The second part of the question is where things begin to fall apart and manifests the deficiencies of the Longhorns. When coaches are able to maximize the talent their personnel brings to the table, they can mask deficiencies in certain areas, like a poor offensive line. Utilizing players properly means knowing their strengths and weaknesses, because every player has them. There have been times this season where the Texas offensive staff has asked a player to do something that was good in design and concept, but it failed because they refused to realize the individual player limitations. Asking an offensive line that struggles with mobility to block horizontally on a stretch play or outside zone play is like asking a defensive lineman to kick a 40-yard field goal. Every running back on the roster brings a different dimension that can be utilized successfully, and the coaches treated them as interchangeable through the first half of the season. This team has certain receivers that thrive on getting the ball in space and cutting upfield, yet the coaches continue to call jet sweeps to possession receivers who lack the necessary burst to turn the corner.

When the answer to part 2 of this question is no, the answer to part 1 becomes irrelevant, and the entire question becomes a no.

3. Is the offense stable?

The answer to this question requires not only looking at the current year, but previous years as well. When determining the stability of an offense, I look at two things: the quarterback position and scheme.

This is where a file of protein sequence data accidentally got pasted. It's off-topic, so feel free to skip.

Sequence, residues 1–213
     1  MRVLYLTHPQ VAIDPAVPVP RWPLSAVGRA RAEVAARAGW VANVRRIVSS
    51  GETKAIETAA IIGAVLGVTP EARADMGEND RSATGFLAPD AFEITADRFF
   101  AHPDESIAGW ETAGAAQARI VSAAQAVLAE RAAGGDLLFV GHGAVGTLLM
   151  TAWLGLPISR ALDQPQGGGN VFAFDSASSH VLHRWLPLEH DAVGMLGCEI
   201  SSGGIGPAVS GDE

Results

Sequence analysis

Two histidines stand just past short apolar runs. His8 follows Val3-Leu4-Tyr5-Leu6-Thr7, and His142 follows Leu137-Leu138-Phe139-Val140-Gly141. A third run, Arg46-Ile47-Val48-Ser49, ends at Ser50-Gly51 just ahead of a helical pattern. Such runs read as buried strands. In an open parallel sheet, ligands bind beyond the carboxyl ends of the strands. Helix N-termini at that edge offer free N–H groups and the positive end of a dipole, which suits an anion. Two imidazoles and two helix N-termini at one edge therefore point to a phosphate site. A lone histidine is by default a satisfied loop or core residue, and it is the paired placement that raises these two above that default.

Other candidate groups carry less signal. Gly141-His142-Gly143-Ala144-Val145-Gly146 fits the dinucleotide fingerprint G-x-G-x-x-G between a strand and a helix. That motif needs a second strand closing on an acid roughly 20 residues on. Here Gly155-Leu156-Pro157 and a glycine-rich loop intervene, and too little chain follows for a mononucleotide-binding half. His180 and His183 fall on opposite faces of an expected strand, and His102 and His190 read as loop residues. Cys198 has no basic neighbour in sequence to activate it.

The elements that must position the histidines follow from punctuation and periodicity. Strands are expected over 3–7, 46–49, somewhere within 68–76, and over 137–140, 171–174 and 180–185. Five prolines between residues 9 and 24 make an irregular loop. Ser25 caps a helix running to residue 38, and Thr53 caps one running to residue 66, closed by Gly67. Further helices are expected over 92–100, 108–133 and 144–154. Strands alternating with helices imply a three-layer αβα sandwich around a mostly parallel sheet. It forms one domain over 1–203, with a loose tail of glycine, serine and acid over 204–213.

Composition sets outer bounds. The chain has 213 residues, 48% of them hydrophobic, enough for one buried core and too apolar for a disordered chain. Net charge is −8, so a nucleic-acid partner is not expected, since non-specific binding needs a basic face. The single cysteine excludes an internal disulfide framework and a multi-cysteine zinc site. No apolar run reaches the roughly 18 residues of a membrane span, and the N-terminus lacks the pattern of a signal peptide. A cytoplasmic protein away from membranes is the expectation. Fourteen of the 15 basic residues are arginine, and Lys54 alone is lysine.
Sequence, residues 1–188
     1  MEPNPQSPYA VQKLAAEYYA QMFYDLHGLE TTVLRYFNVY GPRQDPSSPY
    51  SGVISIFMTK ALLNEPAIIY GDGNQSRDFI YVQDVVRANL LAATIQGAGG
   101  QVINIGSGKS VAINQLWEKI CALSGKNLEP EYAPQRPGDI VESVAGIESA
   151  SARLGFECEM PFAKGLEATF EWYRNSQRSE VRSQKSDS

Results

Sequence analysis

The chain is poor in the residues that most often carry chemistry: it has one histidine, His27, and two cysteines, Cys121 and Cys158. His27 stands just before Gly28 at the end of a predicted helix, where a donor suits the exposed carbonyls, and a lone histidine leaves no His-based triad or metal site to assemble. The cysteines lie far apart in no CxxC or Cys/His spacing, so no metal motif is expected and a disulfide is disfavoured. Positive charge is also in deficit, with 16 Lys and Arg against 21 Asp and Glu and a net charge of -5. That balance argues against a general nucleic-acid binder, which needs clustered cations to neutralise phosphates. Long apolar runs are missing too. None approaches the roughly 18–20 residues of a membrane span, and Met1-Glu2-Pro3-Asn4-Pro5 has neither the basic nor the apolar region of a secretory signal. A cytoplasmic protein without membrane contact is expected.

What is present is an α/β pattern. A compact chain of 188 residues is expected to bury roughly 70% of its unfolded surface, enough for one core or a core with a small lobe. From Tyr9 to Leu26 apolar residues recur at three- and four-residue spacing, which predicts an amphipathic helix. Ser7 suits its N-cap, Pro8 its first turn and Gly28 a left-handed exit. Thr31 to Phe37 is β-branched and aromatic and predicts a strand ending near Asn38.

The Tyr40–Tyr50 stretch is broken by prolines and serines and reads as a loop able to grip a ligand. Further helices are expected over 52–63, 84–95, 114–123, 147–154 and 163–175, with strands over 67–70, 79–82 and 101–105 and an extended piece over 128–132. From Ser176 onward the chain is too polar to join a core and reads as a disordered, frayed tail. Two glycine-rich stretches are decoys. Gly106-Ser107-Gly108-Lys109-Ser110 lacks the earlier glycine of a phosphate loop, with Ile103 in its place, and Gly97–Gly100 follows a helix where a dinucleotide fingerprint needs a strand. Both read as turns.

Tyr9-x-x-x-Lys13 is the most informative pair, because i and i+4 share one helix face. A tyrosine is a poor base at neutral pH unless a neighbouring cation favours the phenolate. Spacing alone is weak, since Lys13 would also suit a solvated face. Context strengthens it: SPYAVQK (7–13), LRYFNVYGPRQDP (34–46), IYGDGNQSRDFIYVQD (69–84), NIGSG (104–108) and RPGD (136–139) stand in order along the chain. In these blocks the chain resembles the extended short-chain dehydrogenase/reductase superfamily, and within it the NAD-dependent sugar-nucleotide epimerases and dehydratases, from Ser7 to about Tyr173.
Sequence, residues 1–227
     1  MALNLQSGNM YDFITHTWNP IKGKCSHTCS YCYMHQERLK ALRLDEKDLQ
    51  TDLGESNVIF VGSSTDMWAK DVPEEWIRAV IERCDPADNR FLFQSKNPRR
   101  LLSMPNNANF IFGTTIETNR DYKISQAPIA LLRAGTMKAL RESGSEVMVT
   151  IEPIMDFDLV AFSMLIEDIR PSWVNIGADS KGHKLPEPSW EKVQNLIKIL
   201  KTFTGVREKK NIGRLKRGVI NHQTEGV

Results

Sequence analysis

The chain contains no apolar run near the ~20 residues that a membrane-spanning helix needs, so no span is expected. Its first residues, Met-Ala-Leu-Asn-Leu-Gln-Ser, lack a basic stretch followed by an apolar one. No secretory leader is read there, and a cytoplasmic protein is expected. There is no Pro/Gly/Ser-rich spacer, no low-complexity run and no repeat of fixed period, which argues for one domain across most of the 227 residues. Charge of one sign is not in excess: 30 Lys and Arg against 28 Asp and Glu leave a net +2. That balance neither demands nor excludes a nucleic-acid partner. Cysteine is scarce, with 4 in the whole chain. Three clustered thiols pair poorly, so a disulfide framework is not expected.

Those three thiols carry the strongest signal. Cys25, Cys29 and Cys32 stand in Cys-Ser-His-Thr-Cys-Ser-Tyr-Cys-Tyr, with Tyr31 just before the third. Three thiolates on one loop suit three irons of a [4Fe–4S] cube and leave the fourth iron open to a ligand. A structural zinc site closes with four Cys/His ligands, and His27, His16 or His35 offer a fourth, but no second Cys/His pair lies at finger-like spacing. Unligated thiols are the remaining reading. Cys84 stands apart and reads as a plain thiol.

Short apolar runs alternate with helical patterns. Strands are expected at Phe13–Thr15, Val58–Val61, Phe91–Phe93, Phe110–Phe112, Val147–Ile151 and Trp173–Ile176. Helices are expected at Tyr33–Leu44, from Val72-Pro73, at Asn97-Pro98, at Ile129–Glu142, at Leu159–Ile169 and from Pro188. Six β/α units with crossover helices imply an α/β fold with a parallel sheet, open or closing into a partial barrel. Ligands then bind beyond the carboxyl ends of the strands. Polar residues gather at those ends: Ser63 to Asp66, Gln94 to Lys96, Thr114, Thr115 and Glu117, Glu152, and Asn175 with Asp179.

Over the last six seasons, the Longhorns have introduced seven different starters at quarterback. Arguably the most important position on the field, the offense needs the quarterback position to be a position of stability. I know that injuries and depth have forced Texas to play some quarterbacks before they wanted to, but with Shane Buechele and Sam Ehlinger both still being underclassmen, Texas has the opportunity to have a multi-year starter at quarterback.

Over the past four seasons, Texas has changed offensive schemes four times. This is a recipe for disaster. The Longhorns went from the Shawn Watson west coast scheme (2014), to the run-based spread (2015)*, to the Veer and Shoot (2015) and finally back to the spread for 2017.

One of my favorite lines I hear every year is “Well (insert team name here) is losing their starting QB, so they will be taking a step back next year.” If only it was that simple. Teams who have consistent schemes are able to have more long-term success because it allows them to recruit to the scheme, experience less scheme related attrition and develop underclassmen under the same scheme year-after-year. This is why Oklahoma State will still win 9 or 10 games next year without Mason Rudolph, and Oklahoma will still be a favorite in the Big 12 without potential Heisman winner Baker Mayfield. This is not to say that it is bad to fire coordinators when they are under-performing, because that is absolutely warranted, but eventually you have to pick a scheme and stick with it.

Final Thoughts

It’s hard to read through all of this and not think a change needs to be made in the offensive meeting room. While new coaches would continue a trend of instability, Tom Herman needs to desperately find something that works. The Longhorns can not continue to display on offense what they have been showing this year.